TUF 13’s Ryan McGillivray on Nathan Coy: “He Doesn’t Show Me a Lot Of Respect”
Welterweight Facing Strikeforce Vet For MFC Belt
By Kelsey Mowatt
While Ryan McGillivray fought officially just once in 2011 and saw his initial run with the UFC come to an end, the year provided a new benchmark for the 25 year-old-welterweight. By working his way into the thirteenth season of “The Ultimate Fighter”, not only did McGillivray make his dream of fighting in the Octagon a reality, but he received hands on training in what it takes to compete at the highest levels of the sport.
“I think it was a great learning experience for me and I took a lot away from it,” said McGillivray, who lost by unanimous decision to Shamar Bailey at the TUF 13 Finale card last June. “I guess it wasn’t an ideal year, as I only had one fight and I went 0-1, and if you look just strictly on paper it looks like I had a bad year. But I learnt a lot and I developed a lot as a fighter.”
“I got a chance to work with a lot of great coaches and all the guys on the show,” McGillivray added . “It led to me coming out to Greg Jackson’s camp and meeting all the guys from there; so there’s a lot of really positive things to take from it.”
Prior to making TUF, McGillivray (12-5-1) had become one of the top welterweight prospects in Canada by going 6-2-1 since 2008.
“It opened the door to train with a lot of high level coaches and fighters, but it also showed me that I wasn’t as far off as I thought I was,” McGillivray furthered. “When it came down to it, and I saw the level everyone was at–obviously there’s always something to learn, always something to improve on– but I realized that maybe it wasn’t as far off as a step for me as I thought.”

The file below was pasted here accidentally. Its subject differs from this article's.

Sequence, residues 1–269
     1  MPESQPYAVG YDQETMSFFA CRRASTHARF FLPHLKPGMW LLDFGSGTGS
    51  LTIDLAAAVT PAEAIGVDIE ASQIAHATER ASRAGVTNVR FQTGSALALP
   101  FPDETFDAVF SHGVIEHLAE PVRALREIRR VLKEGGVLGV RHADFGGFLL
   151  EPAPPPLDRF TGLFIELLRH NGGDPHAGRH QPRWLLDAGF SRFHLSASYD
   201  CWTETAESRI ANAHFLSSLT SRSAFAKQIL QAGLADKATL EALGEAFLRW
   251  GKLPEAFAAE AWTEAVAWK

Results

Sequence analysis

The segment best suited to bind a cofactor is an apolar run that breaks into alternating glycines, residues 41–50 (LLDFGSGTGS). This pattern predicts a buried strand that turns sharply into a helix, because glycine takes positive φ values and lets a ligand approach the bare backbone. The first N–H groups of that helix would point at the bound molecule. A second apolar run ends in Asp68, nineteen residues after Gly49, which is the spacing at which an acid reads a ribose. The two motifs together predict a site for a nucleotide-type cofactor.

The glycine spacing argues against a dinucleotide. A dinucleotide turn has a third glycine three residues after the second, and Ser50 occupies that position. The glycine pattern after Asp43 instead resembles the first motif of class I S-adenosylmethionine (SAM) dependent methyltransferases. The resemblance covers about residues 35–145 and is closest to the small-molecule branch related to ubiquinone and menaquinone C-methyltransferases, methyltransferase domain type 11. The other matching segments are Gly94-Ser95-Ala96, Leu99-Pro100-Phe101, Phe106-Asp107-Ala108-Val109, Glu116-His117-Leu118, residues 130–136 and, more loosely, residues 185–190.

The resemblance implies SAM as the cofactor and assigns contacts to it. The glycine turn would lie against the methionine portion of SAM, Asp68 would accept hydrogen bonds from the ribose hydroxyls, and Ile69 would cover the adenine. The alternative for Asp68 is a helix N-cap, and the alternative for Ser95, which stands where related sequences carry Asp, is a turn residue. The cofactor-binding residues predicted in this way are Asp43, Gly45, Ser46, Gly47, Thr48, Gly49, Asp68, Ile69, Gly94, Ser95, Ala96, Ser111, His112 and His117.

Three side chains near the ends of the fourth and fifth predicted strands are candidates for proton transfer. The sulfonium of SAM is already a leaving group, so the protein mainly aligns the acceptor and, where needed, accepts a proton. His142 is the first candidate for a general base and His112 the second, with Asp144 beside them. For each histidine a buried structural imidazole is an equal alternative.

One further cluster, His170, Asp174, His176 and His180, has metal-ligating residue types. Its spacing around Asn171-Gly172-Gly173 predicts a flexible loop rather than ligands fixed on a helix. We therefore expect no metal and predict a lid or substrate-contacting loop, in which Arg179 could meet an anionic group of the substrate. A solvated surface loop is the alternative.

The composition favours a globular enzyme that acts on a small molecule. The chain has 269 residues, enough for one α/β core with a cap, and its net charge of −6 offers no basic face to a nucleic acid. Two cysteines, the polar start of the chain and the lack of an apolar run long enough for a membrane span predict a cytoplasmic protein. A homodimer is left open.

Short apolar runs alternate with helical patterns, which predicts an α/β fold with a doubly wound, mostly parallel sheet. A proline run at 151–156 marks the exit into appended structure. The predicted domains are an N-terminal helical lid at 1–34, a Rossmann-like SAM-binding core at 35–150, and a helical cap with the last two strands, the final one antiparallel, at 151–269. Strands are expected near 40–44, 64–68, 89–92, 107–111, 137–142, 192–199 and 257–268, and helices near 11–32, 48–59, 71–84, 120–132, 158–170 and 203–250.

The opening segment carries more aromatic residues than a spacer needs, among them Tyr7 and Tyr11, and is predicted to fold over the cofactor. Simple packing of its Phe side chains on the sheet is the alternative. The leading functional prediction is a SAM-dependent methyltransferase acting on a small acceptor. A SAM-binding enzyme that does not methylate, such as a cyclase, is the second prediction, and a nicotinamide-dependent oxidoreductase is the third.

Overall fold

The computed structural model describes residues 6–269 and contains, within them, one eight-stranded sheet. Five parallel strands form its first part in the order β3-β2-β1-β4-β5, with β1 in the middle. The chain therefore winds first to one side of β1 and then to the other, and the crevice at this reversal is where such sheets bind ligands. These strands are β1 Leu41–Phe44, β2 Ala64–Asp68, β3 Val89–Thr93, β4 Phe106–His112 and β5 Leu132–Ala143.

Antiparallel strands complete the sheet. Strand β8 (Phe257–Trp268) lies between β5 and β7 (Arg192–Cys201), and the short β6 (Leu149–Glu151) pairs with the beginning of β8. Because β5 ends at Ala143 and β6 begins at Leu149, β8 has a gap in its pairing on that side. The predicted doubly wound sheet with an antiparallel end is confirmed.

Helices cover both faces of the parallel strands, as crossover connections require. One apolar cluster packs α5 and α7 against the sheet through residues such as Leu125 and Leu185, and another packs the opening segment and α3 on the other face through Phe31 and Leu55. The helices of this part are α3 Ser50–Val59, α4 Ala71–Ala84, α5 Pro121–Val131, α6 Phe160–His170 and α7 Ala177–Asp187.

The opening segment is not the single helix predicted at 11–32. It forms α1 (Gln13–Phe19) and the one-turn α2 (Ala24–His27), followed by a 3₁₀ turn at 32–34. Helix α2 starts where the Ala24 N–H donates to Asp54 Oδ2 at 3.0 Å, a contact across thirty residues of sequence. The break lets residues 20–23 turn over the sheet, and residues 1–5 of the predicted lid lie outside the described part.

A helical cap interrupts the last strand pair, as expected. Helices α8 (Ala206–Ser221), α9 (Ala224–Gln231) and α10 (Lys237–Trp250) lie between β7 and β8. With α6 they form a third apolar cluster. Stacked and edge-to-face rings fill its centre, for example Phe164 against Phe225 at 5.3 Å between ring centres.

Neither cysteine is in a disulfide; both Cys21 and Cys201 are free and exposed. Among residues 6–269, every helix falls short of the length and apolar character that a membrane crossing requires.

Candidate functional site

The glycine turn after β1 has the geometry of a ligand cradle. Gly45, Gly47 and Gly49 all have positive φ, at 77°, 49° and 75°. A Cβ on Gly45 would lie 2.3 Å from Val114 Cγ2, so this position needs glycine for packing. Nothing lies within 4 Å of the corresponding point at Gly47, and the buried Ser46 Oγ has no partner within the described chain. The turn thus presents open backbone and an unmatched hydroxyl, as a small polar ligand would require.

After he was released by the UFC, McGillivray elected to return to the Maximum Fighting Championship, who gave the Edmonton fighter his start to professional MMA in 2006.
“I’ve been there before and it’s some where I’m comfortable being,” McGillivray told FCF. “Some people have it ranked as one of the top companies in the world and their pure ability to promote is what I’m there for…My ultimate goal is to get back to the UFC, and I think they’re one of the best avenues for me to get back there.”
McGillivray made his return to the MFC in January, and scored a third round, armbar victory over Diego Bautista.
“You know every fight, including the next one and the next one is always the most important,” said McGillivray, who runs the Legends Training Centre in Edmonton alongside his father Kevin. “You’re only as good as your last fight…I think that fight was huge for me to get back on the winning track.”
As a result of the win, and an MFC record of 8-3, McGillivray was tapped for a May 4th bout with Nathan Coy to determine the promotion’s welterweight champion.
“I’m really excited about the match-up. I think he’s a great test for me,” McGillivray noted about the former All American wrestler, who entrenched a title shot by handing Dhiego Lima a unanimous decision loss at MFC 32. “He doesn’t show me a lot of respect so I enjoy that. It gives you a little added motivation.”
“He seems very sure that he’s going to win this fight,” McGillivray added. “There’s a couple of ways of looking at it. Either he’s confident because he thinks he’s that good, or he’s confident because he doesn’t think I’m that good. If it’s the latter it’s going to be a long night for him.”